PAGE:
How to Refill the Coolant without a Bleed Tool

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Vehicle high temperature indicator light

Draining and refilling the coolant is one of the easier maintenance tasks you can do on most vehicles. In addition to saving money, doing your own maintenance is a way to monitor the health of your vehicle.

Why Perform a Regular Coolant Flush and Refill?

Coolant loses effectiveness over time, so it’s important to periodically drain and refill the cooling system. In addition, as coolant becomes dirty, and rust and particles can eventually degrade cooling system components, such as the engine and water pump.

Bleeding Air from the Cooling System

If you drain the system and then pour coolant in, there is still air trapped within the hoses and components that hold coolant. That air must be removed. You’ll need to bleed out the air and then top off the coolant to the proper level.
Some car manufacturer refill procedures use a special tool that automatically fills the cooling system and bleeds any excess air. In most cases, if you don’t have the special tool, you can still fill the cooling system and bleed it manually. In rare cases, vehicles need to be serviced with specialized cooling system equipment, due to the complexity of the cooling system. Air will become trapped in the cooling system, and cause the engine to overheat! Check the service information before you attempt the procedure.

Check the service information before you attempt the procedure.

Research the vehicle’s cooling system.

How to Refill the Coolant System Manually

Do not work on the coolant system when the system is hot and under pressure: Coolant can cause serious burns. Do not remove the radiator cap, cylinder block drain plugs, or loosen the radiator draincock, when the engine is hot.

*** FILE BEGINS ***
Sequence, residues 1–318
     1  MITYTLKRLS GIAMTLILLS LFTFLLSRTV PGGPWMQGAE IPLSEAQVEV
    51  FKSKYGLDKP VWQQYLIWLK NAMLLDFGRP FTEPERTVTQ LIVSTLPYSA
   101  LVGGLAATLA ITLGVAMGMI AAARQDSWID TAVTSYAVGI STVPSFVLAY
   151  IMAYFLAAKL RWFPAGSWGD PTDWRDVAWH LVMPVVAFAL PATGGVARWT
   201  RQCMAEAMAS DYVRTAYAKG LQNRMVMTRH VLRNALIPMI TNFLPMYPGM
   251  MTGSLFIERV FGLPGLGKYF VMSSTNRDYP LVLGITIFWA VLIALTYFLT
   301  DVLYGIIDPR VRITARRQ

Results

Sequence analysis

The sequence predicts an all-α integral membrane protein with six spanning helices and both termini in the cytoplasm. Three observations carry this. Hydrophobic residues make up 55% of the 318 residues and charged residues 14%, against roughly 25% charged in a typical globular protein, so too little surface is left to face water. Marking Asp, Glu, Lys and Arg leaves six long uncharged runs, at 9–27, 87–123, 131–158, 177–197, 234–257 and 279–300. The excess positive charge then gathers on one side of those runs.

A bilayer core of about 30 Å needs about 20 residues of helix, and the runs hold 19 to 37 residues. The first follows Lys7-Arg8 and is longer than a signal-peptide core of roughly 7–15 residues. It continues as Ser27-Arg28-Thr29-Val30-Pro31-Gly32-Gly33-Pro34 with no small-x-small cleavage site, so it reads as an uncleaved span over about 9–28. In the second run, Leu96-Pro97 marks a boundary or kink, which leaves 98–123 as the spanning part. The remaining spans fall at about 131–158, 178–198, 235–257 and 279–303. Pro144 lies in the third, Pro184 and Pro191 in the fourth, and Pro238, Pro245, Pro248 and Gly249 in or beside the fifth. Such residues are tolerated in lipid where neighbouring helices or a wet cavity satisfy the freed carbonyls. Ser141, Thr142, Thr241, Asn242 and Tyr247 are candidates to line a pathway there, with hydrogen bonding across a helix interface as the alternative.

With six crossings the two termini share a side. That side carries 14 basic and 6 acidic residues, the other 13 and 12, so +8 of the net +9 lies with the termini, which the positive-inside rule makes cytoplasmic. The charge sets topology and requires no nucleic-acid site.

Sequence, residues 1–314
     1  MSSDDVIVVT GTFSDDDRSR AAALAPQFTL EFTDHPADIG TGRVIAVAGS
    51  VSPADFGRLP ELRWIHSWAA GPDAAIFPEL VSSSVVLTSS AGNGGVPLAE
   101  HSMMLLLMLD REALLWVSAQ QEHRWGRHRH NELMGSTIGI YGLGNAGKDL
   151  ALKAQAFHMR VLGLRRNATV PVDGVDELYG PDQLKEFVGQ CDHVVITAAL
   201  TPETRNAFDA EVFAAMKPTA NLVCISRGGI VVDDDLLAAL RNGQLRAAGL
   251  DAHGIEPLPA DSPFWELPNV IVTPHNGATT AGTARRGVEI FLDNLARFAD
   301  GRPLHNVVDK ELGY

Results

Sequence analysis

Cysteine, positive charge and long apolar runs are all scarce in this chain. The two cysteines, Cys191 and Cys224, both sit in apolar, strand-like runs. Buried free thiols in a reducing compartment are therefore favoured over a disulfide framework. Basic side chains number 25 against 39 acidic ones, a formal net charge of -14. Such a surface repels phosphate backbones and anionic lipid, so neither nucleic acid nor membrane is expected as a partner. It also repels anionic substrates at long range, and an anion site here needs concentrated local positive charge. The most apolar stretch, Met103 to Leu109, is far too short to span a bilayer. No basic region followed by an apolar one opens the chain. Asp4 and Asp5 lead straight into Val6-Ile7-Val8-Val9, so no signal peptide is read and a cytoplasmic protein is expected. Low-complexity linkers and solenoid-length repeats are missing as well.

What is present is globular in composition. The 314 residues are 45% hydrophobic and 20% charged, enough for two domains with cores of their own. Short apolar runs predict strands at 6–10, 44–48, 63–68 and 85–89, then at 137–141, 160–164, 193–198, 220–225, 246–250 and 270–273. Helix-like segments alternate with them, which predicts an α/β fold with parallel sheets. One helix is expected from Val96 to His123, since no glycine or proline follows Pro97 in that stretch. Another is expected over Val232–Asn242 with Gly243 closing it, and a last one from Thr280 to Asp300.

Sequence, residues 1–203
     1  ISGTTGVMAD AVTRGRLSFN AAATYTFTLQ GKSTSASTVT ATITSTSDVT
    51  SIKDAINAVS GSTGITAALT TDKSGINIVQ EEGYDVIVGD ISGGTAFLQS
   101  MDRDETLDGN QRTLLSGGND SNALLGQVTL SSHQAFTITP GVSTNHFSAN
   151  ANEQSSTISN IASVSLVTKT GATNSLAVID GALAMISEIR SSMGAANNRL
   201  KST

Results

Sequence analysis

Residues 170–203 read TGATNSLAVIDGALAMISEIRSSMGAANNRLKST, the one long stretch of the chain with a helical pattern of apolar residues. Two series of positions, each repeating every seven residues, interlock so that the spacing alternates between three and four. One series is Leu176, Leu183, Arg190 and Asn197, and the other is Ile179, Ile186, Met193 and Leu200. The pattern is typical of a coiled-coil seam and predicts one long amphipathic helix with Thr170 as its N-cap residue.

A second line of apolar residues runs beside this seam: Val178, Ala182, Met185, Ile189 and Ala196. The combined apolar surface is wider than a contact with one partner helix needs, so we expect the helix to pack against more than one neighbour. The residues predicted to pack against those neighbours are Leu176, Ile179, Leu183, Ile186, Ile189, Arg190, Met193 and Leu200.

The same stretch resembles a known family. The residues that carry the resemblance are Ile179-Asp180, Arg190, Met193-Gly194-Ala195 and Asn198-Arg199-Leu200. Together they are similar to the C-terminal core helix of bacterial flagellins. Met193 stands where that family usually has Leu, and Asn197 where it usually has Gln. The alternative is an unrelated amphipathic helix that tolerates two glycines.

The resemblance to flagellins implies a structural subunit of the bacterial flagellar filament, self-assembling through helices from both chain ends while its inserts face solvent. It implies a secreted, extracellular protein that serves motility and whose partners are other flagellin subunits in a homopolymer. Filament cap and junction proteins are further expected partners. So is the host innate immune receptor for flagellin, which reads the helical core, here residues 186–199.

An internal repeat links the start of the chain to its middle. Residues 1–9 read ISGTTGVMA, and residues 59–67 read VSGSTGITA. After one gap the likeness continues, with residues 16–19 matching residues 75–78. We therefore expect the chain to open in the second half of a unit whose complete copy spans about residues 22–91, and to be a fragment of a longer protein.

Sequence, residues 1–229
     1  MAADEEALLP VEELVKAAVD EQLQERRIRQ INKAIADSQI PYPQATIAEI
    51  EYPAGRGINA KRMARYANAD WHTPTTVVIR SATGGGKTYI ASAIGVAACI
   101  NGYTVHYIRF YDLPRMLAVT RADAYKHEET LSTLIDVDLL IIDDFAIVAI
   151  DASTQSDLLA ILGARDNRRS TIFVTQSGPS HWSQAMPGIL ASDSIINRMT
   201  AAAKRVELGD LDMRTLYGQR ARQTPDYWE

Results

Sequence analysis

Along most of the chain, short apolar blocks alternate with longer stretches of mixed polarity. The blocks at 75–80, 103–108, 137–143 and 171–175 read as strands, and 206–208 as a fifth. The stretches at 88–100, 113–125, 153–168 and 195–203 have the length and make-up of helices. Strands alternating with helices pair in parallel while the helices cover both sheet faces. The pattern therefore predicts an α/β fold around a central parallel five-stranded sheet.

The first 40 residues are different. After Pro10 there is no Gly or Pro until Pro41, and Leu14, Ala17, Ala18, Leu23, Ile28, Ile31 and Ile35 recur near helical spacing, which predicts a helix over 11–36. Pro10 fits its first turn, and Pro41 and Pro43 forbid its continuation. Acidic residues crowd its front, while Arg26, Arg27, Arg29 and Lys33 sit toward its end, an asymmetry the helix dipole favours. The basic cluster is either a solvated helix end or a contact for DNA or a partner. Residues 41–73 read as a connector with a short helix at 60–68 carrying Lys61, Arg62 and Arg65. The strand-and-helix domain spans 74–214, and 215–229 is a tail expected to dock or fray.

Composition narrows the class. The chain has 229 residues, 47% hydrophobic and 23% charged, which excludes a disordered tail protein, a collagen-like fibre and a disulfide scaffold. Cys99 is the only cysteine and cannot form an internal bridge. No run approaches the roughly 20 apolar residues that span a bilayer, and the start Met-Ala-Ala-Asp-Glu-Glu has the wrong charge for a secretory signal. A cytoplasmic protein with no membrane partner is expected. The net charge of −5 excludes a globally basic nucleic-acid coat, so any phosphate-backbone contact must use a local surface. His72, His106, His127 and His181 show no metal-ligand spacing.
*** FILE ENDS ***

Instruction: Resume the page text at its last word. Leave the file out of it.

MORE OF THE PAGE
1. Tighten the radiator draincock.

Tighten the radiator draincock before filling the cooling system.

Tighten the radiator draincock. 2010 Chevrolet HHR shown. Image: General Motors

2. Tighten the cylinder block drain plug(s).

2010 Chevrolet HHR cylinder block drain plug location.

Tighten the engine block drain plug. 2010 Chevrolet HRR shown. Image: General Motors.

3. Fill the cooling system with the manufacturer-specified antifreeze. You can find the correct specification in your Chilton DIY subscription or in your owner’s manual. Because specifications change occasionally, such as with new technology, it’s a good idea to check the technical service bulletins in your ChiltonDIY subscription too.
4. Fill the radiator to the top and install the radiator cap. Add sufficient coolant to the overflow tank to raise the level to the FULL mark. Check your Chilton DIY specifications or the owner’s manual for the coolant amount including the overflow tank.

2010 Chevrolet HHR radiator cap location

Fill the radiator to the top and install the radiator cap. 2010 Chevrolet HHR shown. Image: General Motors.

5. Run the engine with both the radiator cap and reservoir/overflow tank cap in place. Turn on the heat with the blower on high. When the engine reaches normal operating temperature, shut the engine off and allow it to cool.
6. Top off the coolant level to the reserve/overflow tank as necessary to bring it to the FULL mark. Only add coolant when the engine is cold. The coolant level in a warm engine will be higher due to thermal expansion – that is, hot coolant expands and so the coolant level will appear to be higher.
7. Repeat the procedure and recheck the cooling system level.

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